The White Whale of Foraging for Morels


When I was a kid my dad and I would go foraging for morels every spring. We had a “spot”. I had no idea what a treasure it was. What a family heirloom. Since moving away to college, those elusive morels are no longer a part of my spring diet. Last spring, in hopes of rekindling our annual tradition, I asked my dad about it and he said the spot had sense run dry. Too many people found out about it and it ran its course.

It’s a pretty common issue. In the midwest, morel spots are the white whale of foraging. If you don’t have one, you don’t get one no matter how much you look. Every year you go out in hopes. And every year you turn up empty handed. Granted there is dumb luck. You see, everyone guards their morel hunting ground with the tightest of lips. Ask someone where they found their morels and you get the stink eye and a “in the woods by a creek” type of answer. You can’t tag along. You can’t learn from the pro’s. The only way is to be dedicated and get lucky OR be brought in to the family spot through inheritance like I had been so many years ago.

I’m on the hunt for a spot. I’m starting in the woods by my house. Granted it’s most likely not worth the effort since it’s in town and if morels do pop up here they are gone faster than you can say morel, but the effort is a big part of the fun. And I never come home empty handed from the woods. I take my field guide,Field Guide to Edible Wild Plants, and anytime I come across something that look like something I should try to eat, I see if I can find it in the book.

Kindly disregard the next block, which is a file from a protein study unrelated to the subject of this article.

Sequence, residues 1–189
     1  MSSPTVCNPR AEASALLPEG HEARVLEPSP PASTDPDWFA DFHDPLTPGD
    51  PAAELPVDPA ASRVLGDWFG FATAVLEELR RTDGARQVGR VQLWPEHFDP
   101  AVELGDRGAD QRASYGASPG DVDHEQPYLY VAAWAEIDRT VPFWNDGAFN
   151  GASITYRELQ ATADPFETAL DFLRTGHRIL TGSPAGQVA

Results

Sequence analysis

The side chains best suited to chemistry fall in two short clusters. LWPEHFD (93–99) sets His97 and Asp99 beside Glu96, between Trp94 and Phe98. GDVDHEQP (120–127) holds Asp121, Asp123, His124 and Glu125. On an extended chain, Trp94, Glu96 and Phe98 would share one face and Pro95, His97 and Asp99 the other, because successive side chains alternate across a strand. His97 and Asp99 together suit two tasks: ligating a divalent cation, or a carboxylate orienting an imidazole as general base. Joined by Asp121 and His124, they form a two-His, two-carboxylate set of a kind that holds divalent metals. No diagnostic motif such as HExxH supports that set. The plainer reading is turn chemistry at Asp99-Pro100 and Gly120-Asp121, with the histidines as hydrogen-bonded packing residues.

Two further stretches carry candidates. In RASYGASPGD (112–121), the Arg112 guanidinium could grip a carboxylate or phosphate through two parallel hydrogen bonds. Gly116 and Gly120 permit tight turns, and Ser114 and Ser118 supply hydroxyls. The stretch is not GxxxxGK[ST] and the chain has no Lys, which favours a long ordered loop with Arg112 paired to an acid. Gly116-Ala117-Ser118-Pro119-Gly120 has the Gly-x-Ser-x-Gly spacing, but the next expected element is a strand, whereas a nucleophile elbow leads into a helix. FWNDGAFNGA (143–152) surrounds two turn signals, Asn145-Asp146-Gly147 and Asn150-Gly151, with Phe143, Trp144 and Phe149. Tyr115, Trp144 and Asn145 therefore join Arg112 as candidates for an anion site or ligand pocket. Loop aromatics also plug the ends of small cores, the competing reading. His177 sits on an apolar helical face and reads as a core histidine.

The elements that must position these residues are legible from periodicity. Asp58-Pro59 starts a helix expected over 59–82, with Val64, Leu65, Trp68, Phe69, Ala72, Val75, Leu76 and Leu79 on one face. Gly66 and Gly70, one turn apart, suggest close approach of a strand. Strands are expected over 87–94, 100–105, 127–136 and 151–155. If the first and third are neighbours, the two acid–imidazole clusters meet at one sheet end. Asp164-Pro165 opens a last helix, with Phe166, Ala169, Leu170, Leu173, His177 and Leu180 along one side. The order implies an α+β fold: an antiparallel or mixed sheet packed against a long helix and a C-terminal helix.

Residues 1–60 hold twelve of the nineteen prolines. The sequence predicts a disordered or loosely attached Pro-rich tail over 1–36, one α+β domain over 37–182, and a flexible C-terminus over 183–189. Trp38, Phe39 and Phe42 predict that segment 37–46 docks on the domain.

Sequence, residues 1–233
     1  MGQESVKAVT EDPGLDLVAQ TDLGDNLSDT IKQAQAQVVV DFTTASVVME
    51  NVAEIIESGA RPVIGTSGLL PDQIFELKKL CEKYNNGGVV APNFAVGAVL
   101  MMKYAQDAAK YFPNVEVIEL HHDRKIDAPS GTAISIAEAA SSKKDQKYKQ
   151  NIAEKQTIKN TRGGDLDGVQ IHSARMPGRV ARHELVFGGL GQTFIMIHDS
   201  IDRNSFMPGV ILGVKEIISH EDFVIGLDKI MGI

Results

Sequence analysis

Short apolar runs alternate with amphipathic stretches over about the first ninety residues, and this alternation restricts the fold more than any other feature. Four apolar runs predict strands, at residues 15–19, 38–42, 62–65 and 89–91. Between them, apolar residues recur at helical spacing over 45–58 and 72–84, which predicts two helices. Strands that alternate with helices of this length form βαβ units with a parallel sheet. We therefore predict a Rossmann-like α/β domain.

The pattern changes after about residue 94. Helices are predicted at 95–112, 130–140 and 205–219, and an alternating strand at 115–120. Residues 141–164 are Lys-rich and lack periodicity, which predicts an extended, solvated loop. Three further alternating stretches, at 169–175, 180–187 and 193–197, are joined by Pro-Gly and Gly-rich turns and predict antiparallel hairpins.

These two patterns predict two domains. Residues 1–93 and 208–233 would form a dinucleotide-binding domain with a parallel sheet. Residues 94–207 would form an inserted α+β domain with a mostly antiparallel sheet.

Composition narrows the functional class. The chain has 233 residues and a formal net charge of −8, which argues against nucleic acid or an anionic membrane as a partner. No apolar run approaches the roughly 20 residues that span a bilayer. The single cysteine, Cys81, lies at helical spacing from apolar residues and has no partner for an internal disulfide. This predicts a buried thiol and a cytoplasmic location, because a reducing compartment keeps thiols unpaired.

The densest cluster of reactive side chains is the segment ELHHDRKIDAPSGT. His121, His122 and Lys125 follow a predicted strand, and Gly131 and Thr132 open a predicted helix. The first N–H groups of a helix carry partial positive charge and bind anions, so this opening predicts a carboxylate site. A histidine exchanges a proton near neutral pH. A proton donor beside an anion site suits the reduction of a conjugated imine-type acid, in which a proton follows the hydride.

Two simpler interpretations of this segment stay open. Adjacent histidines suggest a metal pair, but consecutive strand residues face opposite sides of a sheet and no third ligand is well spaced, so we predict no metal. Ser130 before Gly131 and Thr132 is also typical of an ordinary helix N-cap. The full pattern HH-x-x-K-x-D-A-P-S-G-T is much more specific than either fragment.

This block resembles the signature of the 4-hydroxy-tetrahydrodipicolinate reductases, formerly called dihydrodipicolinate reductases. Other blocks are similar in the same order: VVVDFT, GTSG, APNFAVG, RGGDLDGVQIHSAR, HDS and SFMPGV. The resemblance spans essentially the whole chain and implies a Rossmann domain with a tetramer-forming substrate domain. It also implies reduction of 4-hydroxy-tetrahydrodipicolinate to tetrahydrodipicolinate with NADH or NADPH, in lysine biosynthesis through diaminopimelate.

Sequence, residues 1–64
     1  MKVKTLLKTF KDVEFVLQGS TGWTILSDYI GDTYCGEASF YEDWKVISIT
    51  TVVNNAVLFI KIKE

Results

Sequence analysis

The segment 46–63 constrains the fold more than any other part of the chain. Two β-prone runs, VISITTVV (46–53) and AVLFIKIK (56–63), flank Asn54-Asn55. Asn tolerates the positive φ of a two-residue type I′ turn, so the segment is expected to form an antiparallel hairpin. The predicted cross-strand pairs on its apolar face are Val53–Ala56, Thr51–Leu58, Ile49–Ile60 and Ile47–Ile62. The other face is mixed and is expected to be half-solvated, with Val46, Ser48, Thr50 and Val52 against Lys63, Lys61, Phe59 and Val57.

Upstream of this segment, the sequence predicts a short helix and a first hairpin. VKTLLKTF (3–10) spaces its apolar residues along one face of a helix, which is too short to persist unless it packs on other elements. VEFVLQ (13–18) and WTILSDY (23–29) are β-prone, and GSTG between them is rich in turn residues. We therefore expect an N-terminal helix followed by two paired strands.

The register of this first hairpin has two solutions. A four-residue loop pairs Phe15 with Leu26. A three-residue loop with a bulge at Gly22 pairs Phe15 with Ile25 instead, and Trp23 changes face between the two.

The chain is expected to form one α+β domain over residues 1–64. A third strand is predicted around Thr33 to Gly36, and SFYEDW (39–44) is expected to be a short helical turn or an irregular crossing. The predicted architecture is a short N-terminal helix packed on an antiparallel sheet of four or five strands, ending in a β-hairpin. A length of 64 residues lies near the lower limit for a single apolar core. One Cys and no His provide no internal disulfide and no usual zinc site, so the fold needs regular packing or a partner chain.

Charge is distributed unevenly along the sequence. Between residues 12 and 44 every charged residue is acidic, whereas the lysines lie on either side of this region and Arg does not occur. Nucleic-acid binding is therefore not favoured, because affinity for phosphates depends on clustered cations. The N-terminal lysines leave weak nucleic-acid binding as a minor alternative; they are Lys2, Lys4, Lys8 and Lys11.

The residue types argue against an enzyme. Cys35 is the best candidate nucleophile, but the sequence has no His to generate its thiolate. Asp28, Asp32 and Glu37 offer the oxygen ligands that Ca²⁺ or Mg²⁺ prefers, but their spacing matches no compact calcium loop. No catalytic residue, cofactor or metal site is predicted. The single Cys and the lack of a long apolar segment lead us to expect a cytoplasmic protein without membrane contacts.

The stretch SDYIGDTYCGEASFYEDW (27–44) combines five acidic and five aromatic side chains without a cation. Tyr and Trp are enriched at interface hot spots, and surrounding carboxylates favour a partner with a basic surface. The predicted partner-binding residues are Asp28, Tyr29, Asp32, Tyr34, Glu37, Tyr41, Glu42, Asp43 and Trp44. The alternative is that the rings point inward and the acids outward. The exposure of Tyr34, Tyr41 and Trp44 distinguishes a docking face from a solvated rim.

A few words on this book and putting wild woodland treats into my mouth. It’s arranged by color of flowers, so identifying a plant while it is in bloom is pretty easy. But it’s hard and potentially puke inducing to go just off the greens. It lists many of it’s characteristics, and if something doesn’t match perfectly, I leave it where it is.

I was excited that on this last foray into foraging, I was able to identify a new edible plant called Spring Beauties or, my favorite common name, Fairy Spuds. Now that I know where they grow and I’ve identified them by their flowers, foliage, and “potato”. I wasn’t sure how I would like them, so I dug 4 to try, each are about the size of a water chestnut. I should also say they are plentiful. I literally saw hundreds of them in at least 5 different areas. They are rare in some areas, so use some local discretion. If you see “a” patch, leave it. If you see hundreds, a few are okay to take. Apparently you can grow them in the garden, so I’m planning to try propagate a few. I also found a new patch of wild blackberries and gooseberries.

How did the fairy potatoes cook up? I boiled them when I got home and gave them a try. Delicious. I would say they are somewhere in taste and texture between a potato and a water chestnut.

Did I find my elusive morel “spot”? Nope. But I had fun trying. And I found another delectable woodland treat in the process.

Until Next Time…

Kristin M Roach